03-20-2004, 06:04 PM
Thanks Vac,
Now I think I understand. Looks like I'll have to read up A LOT more on programming, electronics and PCB design to be able to contribute. Good, the necessary motivation to learn more


03-20-2004, 06:09 PM
i think that just being the person who asks a million questions can be helpfull. if people spend time putting things into this format, which is nearly commercial quality, or often better, its nice to think it will actually get used.

im still in college, so these kinds of projects benifit be in ways they dont benifit alot of people who contribute. i can stick this stuff my industrial design portfolio, and at the inevitable interviews i can mention PCB, circuit, and mechanical design in addition to being able to draw toasters.

in short, you can get alot out of contributing to these kinds of projects.. escapism isnt far down the list either


glad ive helped open your eyes to something as wonderfull as the opensource community...

btw. i checked out your site. hows the turbine comming?

03-20-2004, 06:29 PM
The turbine is on pause for the moment. Just got a "new" used computer to run the mill. My next step is trying to find a way to cut out a nozzle guide vane from stainless steel and with a Taig Mini mill it will probably be pretty hard so I am trying to figure out a new way to manufacture it without spending to much money. But first I need to get better using CAD software. Currently I am using Rhino.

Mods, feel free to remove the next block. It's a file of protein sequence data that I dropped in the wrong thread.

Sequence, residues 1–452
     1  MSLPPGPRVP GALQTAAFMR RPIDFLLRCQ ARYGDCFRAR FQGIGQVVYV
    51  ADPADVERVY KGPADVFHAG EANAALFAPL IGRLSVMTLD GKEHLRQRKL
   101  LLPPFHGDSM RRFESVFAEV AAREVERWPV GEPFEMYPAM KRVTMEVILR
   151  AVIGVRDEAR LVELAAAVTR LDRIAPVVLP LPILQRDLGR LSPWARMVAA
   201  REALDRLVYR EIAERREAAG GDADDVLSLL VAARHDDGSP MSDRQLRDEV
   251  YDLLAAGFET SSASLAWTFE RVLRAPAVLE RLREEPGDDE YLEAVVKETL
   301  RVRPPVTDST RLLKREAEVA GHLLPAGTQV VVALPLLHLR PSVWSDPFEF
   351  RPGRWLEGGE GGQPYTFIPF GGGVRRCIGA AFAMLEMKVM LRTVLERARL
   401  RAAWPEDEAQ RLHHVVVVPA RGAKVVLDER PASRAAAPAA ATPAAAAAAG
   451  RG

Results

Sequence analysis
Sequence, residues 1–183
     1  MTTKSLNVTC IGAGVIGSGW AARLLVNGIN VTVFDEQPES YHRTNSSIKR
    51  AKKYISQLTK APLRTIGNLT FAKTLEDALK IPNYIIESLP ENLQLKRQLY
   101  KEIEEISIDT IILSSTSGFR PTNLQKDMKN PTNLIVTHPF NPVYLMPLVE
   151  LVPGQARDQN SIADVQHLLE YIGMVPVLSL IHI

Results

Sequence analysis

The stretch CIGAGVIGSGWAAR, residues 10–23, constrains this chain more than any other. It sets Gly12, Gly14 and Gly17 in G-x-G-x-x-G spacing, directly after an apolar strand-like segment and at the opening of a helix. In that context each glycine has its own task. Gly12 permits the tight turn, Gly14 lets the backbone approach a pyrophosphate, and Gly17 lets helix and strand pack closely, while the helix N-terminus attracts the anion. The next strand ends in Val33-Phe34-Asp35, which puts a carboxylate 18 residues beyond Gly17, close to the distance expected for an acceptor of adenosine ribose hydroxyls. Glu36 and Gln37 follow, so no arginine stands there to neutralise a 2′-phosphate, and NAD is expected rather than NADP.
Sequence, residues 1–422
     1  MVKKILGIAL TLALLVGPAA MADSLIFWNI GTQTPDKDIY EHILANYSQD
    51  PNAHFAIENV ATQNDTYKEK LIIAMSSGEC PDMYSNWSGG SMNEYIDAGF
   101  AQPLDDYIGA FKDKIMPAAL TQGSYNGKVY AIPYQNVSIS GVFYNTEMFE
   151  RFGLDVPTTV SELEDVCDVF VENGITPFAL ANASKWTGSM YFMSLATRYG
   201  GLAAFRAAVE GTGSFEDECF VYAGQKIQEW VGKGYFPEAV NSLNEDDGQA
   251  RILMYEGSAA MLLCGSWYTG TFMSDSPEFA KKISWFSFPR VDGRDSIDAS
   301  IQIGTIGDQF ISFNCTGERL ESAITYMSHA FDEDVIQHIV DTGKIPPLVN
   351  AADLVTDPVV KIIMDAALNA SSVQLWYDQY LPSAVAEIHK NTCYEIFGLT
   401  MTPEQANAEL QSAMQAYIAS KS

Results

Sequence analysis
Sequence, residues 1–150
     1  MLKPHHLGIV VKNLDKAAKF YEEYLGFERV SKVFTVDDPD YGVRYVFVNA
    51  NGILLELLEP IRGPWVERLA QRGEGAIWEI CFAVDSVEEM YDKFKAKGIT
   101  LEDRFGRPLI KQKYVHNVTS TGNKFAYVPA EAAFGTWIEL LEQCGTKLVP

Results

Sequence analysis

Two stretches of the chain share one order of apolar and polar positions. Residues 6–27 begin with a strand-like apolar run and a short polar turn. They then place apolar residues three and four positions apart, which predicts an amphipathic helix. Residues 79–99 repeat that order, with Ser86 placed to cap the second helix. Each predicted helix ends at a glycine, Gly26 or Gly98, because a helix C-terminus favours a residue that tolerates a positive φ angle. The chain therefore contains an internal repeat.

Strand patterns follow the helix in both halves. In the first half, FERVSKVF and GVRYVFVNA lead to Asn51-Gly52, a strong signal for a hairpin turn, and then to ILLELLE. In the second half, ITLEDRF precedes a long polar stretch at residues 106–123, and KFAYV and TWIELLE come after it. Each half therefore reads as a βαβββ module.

03-20-2004, 07:39 PM
Originally posted by vacpress
I woud really like to provide an alternative to sending $40 to some crank!

lol ;)

03-20-2004, 08:04 PM
as far as cad goes, i love solidworks. its like legos.. im sure other solids modelers are also good. ive used pro e a bit.. go for SW personal learning edition.

Its FREE. It is for private learnign use, and i think it will output the right iges or stl files.

if you do the tutorials you will be able to get around within 4 or 8 hours of working.. i did tutorials while i built my first designs.. when i ran into a problem, id do a tutorial that helped, either from web or included.

good luck


03-20-2004, 08:12 PM
Is the solidworks learning edition available for download or do you have to request a CD?

I'm not sure what to look for on their site.

03-20-2004, 09:52 PM
Yes, good question mvaughn. I was wondering the same thing. Do you have to attend their class?

06-12-2004, 07:45 PM

I use Pro-e to develop my solid models. You stated that you have use it. It is very powerful and relatively easy to use. Once I have a solid model, how do I create a G-code file to send to a cnc machine. I want to use TurboCNC. Do I need another program or does NC-post do it?

Also another open source 3-axis controller that you all might want to check out is at:


Take care,